The palm-leaf is an ancient record of Odisha. It contains, Mantra, yantra, tantra, religion, architecture, medicine, astrology, astronomy, grammar details of war arms and armoury, geography, trade routes, occult practices, temple rituals, crafts, literature and so on. This leaf- speaks about every aspect of the life of Odian culture and livelihood.
Everything that the Odisha alphabets have no headmarks like that of Bengali or Nagari script, can safely be attributed to the long and continuous practice of writing on palm leaves. The stones of the Konark, Mukteswar and Rajarani temples of Bhubaneswar display the union of the couple, and the Amara Sataka and the Gita Govinda Palm leaf manuscripts describe the monuments of love. Here the passion has been translated both in words and forms.
The Odisha artist has shown their excellence in these miniature paintings in the palm leaf. Unique in their style and forms, artisans have constituted a significant part of the glorious Odissian tradition and are similar to the tradition of dance and sculpture. The features of human figures as well as the flora and fauna are sharp and well proportioned and display the same precision and neatness with which one can find the motifs, drown in the textiles in the typical Odisha tie and dye tradition.
The epigraphic evidence of the use of palm leaf begins in the Sixth century AD and during the reign of the Kurud, Charter of Maharaja Narendra, who issued his camp of victory on palm leaf and found at Tilakeswar records, the renewal of the grant of village Kesavaka. This village had been formerly granted in a palm-leaf character to one Bhasrutaswami by the previous king, but as the palm-leaf was destroyed in the fire, Maharaja Narendra regranted it in a copper plate charter in favour of Sankhaswami, Son of Bhasrutaswami. Maharaja Narendra was a Sarabhapuriya king of South Koshala in the 6th century AD.
There is also so much sculptural evidence regarding the use of palm-leaf manuscripts. The earliest of these can be found in the Parsurameswar temple at Bhubaneswar near Kedar-Gouri which was built during the rule of the Sailodbhava dynasty in the 7th century AD. Similar representations can be observed in the Mukteswar temple 10th century AD and also the famous Sun temple Konark in the 13th century AD. Another sculptural evidence is an image of Buddha found at a temple in Hirapur near Bhubaneswar.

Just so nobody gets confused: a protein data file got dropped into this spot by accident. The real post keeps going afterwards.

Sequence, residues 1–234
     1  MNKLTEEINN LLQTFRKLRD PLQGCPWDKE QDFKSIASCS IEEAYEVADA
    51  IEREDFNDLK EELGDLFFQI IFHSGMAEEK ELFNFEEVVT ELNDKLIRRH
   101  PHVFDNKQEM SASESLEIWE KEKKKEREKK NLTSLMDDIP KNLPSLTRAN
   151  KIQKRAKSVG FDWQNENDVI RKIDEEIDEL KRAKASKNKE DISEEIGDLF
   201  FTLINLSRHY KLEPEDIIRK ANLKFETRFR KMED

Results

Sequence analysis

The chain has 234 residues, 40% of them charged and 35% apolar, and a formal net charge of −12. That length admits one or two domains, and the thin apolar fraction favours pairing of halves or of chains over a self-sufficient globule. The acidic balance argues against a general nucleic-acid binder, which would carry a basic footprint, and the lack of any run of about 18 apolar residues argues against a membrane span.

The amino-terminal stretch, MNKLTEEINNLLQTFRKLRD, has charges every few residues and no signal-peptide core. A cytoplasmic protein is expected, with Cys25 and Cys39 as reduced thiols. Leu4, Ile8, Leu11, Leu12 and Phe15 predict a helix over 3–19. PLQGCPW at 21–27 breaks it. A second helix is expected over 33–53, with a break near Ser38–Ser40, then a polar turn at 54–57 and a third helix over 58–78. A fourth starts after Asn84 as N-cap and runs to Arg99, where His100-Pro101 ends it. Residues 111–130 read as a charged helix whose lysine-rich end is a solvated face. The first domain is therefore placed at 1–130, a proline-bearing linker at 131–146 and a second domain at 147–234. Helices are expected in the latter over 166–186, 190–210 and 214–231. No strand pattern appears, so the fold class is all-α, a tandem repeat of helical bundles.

In this sculpture, one can find the pedestal of a scholar studying some holy scriptures in the shape of a stringed palm-leaf manuscript placed on Vyasasana. There is a beautiful presentation of a scribe writing with a style on a palm leaf in a sculpture of the Jagannath temple at Dharakot.
The total Buddhist scripture Avatamsaka Sutra was written on a palm-leaf manuscript, and it was presented to Chinese Emperor Te-sang by Sudhakara Deva, the Bhoumakara king of Odisha, with his autography. It was an event of the 8th century AD.
The oldest datable palm-leaf manuscripts are found in the Odisha State Museum where one can also find the writings of Panchasakha to the Bhanja era. During the period Sarala Mahabharat by Sarala Das, Adhyatma Raman by Gopal Telenga, Haladar Das and Bichitra Ramayan by Biswanath Khuntia were also written in palm-leaf. Besides this Mathura Mangal by Bhakta Charan Das, Bidagdha Madhaba by Rupa Goswami and Rasakalola by Dina Krushna Das were also written bear the evidence of palm-leaf. Upendra Bhanja a brilliant poet has written volumes of Kavya Kavita in palm leaf which are now printed in books. As such before the introduction of paper, palm-leaf was the media of poets and prophets in Odisha. They wrote in Odia & Sanskrit of palm-leaf which are now called Pothi.